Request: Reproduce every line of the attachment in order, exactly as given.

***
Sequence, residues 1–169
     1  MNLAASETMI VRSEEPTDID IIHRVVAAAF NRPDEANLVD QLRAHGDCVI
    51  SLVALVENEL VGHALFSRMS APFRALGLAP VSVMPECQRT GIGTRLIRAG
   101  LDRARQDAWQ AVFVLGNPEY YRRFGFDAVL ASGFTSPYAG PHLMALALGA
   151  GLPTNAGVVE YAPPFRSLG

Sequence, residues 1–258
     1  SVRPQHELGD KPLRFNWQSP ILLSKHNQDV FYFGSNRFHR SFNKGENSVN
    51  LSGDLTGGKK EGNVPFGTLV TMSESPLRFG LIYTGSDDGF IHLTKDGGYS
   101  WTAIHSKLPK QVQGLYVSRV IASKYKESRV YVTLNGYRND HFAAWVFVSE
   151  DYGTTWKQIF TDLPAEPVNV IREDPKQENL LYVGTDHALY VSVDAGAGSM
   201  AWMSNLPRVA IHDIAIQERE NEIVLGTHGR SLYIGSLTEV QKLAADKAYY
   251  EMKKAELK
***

Sequence, residues 1–169
     1  MNLAASETMI VRSEEPTDID IIHRVVAAAF NRPDEANLVD QLRAHGDCVI
    51  SLVALVENEL VGHALFSRMS APFRALGLAP VSVMPECQRT GIGTRLIRAG
   101  LDRARQDAWQ AVFVLGNPEY YRRFGFDAVL ASGFTSPYAG PHLMALALGA
   151  GLPTNAGVVE YAPPFRSLG

Sequence, residues 1–258
     1  SVRPQHELGD KPLRFNWQSP ILLSKHNQDV FYFGSNRFHR SFNKGENSVN
    51  LSGDLTGGKK EGNVPFGTLV TMSESPLRFG LIYTGSDDGF IHLTKDGGYS
   101  WTAIHSKLPK QVQGLYVSRV IASKYKESRV YVTLNGYRND HFAAWVFVSE
   151  DYGTTWKQIF TDLPAEPVNV IREDPKQENL LYVGTDHALY VSVDAGAGSM
   201  AWMSNLPRVA IHDIAIQERE NEIVLGTHGR SLYIGSLTEV QKLAADKAYY
   251  EMKKAELK